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Blog Post: June 2, 2021

By Pastor Jeff Fox-Kline

The Doctrine of the Trinity is weird. Let’s just say that up front.

It’s weird and it’s confusing. God is one and three. At this point we’re used to saying it, but it’s a lot easier to say than to understand. God is three people and one person. Is God divided into three parts? No. Is God just one thing? No.

Why did Jesus pray to God the father? Why did God ever feel the need to manifest one of God’s persons on earth? Why do we say it was the Holy Spirit that came down on Pentecost? Why not just say that it’s God the Father? Or even Jesus’ Spirit? Does the Holy Spirit do different things than the father? How? Why? Isn’t it all the same if it’s coming from the same ‘one person’?

The Holy Trinity is such a weird concept, and it raises more questions than it answers. It’s tough to conceptualize, and even harder to truly understand.

Is God like the Cerberus of myth, like a three-headed dog with one body? Is God like a pizza, one pie sliced into three pieces? Is God like a three-in-one body wash/shampoo/conditioner--all three things at the same time while not doing a very good job at any of those three things?

One thing I appreciate about the Holy Trinity is that it allows me to use my favorite phrase, “Great is the mystery of faith," which translates from pastor-speak into “I don’t know." I love this phrase because people too often want to have all the answers. People (myself included) don’t like not knowing things. We want to be secure in our knowledge, have full understanding, and never be surprised or confused. As a pastor, people will often expect me to know things. But as a person, I rarely do. This phrase allows us to accept in official church language that all of us are humans, just kind of flailing about and hoping we hit the right answer.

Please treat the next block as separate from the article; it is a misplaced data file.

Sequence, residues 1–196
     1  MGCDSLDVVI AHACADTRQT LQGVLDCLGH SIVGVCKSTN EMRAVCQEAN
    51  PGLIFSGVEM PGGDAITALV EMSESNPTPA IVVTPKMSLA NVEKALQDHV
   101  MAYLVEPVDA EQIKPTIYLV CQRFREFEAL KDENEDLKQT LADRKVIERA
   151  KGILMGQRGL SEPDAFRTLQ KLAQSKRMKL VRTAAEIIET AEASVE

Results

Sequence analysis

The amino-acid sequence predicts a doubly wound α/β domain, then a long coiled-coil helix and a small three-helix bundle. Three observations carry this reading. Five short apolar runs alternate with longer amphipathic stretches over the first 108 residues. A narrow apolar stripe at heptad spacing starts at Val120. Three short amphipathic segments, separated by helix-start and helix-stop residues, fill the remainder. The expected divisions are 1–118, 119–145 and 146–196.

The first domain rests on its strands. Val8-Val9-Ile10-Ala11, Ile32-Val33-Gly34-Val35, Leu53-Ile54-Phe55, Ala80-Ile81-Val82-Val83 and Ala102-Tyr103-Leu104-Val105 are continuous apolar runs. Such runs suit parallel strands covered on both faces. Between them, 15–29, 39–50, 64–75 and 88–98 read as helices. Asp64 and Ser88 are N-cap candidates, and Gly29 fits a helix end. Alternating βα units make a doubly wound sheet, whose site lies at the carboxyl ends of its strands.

Which we never will.

We won’t ever get it correct because we are inherently limited in our perspectives. We can’t understand the concept of the Trinity! No one can hold these things in tension because we’re all just one person in one person’s body. I’m not three different people while also being me! That’s insane! It makes no sense. It makes no sense because I’m not built to understand it. Neither are you. And anyone who says they get it are either lying or have transcended the bonds of humanity.

I love that we don’t understand what there is to know about the Trinity, because it means that we can learn. We’re constantly trying to refine our language, build our metaphors, deepen our well of understanding. The Council of Nicaea did not have access to a three-in-one soap, but if they did, maybe that would be in one of our creeds.

Together we discern what the truth is, or at least what our closest approximation to the truth is. Admitting that none of us truly know what we’re talking about means that we need to be open to a vast web of ideas and thoughts, some of which resonate within our souls and allow us to feel the divine presence.

Who knows? Maybe some of us get even closer to the truth. Maybe someday one of us will nail it so completely that we’ve finally perfected our understanding of what the Trinity is. But probably not. Great is the mystery of faith.


Jeff Fox-Kline

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